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you tell me, greg. you tell me. what's in your wallet? we're back now we're back now with the fierce battle erupting in virginia over one city's plan to remove a confederate statute part of a fight across the south that some say is about eliminating symbols of racism and others see it as preserving history.
nbc's gabe gutierrez has the story. >> reporter: carrying torches demonstrators in virginia saturday statute of confederate general robert e. lee. >> we are simply just white people that love our heritage, our culture. >> reporter: the protesters led by self-proclaimed richard spencer, the founder of the so-called alt right movement. >> i'm here to take part in this great celebration. >> reporter: the next day a counter protest. >> save slavery is dead and we need everyone to realize and recognize that very fact. >> reporter: it's the latest battle across the south to remove confederate symbols following the mass cure of nine black church members in south carolina. workers wearing protective vest have taken down several monuments but in virginia it's creeping into the race for governor and a rallying cry against political correctness for political candidate corey stewart. >> we're not intimidated. >> reporter: wes bellamy is the vice mayor that led the
charge to remove lee's statute. >> what i saw was reminiscing of the kkk rally. how can we see we're a welcoming community with one of the most divisive and ignorant statutes you will find in the country? >> reporter: tonight a court of junctions blocking the statute's removal as the past and present becomes a monumental fight. gabe gutierrez, nbc news, virginia. there is a new way to check bags. delta airlines plans to test new technology at minneapolis st. paul international. that would allow people to check their bags by scanning their faces to identify themselves. no agent necessary. if the pilot program goes well, the airline plans to roll it out across the country. >> he rose from poverty to play college football but perhaps the most amazing achievement happened off the field. inspiring america is next. k.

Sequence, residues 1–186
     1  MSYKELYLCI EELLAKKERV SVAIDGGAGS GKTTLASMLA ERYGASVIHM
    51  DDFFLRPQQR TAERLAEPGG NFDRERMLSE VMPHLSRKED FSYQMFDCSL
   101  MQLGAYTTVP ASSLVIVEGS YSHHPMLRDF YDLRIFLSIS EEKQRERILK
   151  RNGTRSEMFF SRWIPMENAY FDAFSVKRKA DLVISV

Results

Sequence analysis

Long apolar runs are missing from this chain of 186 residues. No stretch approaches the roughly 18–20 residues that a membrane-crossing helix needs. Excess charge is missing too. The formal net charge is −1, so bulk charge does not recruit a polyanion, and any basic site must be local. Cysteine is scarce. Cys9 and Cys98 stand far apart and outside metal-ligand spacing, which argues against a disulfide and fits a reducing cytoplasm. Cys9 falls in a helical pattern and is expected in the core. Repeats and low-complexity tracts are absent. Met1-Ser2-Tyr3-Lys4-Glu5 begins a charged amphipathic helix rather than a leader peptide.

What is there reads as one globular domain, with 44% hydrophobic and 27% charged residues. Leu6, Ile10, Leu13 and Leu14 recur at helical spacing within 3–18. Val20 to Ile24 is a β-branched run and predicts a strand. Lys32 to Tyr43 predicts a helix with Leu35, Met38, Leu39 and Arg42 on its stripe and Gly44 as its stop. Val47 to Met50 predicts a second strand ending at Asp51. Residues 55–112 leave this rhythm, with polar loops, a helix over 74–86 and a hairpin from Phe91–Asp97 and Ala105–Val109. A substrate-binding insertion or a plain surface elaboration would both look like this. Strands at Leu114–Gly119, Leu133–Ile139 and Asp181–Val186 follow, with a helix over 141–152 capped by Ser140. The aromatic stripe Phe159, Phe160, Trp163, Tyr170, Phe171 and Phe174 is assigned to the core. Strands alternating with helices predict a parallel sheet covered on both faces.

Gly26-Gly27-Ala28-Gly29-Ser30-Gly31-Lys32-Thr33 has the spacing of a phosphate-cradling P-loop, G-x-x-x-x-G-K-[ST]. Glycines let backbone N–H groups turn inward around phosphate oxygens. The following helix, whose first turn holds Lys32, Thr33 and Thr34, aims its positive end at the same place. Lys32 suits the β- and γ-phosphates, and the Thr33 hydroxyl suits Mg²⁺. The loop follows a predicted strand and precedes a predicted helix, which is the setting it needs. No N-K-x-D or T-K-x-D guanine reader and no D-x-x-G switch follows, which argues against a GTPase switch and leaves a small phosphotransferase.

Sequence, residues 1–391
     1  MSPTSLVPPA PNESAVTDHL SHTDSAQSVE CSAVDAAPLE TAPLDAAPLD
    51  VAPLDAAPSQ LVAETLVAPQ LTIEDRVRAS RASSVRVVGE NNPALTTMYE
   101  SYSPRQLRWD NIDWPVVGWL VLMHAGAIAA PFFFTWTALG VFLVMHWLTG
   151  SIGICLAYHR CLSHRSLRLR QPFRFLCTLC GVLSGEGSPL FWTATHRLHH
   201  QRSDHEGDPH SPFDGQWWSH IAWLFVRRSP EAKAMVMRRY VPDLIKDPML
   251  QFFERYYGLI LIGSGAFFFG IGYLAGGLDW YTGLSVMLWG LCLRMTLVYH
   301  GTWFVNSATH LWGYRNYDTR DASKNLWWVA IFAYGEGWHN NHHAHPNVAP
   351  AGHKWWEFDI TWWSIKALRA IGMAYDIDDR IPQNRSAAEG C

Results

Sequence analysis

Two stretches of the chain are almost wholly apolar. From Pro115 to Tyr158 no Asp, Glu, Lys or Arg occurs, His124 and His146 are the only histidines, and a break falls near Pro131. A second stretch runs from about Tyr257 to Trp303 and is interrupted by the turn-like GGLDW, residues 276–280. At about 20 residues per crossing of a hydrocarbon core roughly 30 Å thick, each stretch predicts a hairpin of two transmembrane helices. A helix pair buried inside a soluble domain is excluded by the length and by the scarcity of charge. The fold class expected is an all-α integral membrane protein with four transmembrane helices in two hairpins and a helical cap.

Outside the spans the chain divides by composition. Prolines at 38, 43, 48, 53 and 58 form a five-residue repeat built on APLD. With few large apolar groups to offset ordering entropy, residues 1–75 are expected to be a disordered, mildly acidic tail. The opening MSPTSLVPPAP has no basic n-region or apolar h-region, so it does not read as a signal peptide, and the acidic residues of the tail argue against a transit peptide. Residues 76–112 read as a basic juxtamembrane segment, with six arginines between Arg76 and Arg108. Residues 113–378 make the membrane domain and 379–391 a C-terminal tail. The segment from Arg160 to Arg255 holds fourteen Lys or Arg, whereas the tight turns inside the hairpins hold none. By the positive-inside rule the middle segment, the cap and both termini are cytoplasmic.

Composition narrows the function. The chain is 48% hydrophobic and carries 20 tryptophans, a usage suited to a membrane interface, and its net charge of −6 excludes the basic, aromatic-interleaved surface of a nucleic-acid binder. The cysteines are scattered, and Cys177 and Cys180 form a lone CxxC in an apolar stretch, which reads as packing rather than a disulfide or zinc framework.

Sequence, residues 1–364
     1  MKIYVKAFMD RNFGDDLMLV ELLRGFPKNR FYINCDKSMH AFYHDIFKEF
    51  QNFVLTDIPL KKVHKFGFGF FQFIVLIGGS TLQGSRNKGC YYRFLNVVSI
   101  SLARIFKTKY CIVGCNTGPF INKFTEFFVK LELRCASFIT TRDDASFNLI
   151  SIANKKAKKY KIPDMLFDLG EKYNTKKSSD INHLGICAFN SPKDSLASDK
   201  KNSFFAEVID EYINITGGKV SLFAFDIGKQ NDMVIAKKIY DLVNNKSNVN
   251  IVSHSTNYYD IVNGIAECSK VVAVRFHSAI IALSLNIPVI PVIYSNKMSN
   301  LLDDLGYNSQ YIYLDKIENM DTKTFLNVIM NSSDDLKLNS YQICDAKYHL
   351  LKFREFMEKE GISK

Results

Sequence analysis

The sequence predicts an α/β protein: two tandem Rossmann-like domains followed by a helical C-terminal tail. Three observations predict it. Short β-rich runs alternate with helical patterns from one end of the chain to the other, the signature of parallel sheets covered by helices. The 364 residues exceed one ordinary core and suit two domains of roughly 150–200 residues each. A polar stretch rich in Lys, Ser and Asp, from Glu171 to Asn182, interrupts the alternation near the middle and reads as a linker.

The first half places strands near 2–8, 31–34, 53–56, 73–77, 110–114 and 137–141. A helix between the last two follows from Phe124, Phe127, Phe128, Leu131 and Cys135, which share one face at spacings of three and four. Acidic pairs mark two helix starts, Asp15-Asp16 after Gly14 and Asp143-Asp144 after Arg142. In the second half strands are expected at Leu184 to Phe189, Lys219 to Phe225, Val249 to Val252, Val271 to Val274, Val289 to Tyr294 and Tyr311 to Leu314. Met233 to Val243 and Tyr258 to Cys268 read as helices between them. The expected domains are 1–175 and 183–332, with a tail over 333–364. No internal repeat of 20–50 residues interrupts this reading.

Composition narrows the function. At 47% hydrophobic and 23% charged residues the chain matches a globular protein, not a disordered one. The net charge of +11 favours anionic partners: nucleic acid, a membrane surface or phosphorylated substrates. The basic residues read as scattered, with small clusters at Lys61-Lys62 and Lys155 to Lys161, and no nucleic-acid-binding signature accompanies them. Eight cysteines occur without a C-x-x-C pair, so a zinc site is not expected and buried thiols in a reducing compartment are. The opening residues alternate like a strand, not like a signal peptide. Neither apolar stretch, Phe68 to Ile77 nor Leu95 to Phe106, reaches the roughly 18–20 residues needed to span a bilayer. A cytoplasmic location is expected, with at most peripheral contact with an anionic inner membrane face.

i take movantik for oic, opioid-induced constipation. my doctor prescribed opioids which helped with the chronic pain, but backed me up big-time. tried prunes, laxatives, still constipated... had to talk to my doctor. she said, "how long you been holding this in?" (laughs) that was my movantik moment. my doctor told me that movantik is specifically designed for oic and can help you go more often. don't take movantik if you have a bowel blockage or a history of them. movantik may cause serious side effects, including symptoms of opioid withdrawal, severe stomach pain and/or diarrhea, and tears in the stomach or intestine. tell your doctor about any side effects and about medicines you take. movantik may interact with them causing side effects. why hold it in? have your movantik moment. talk to your doctor about opioid-induced constipation.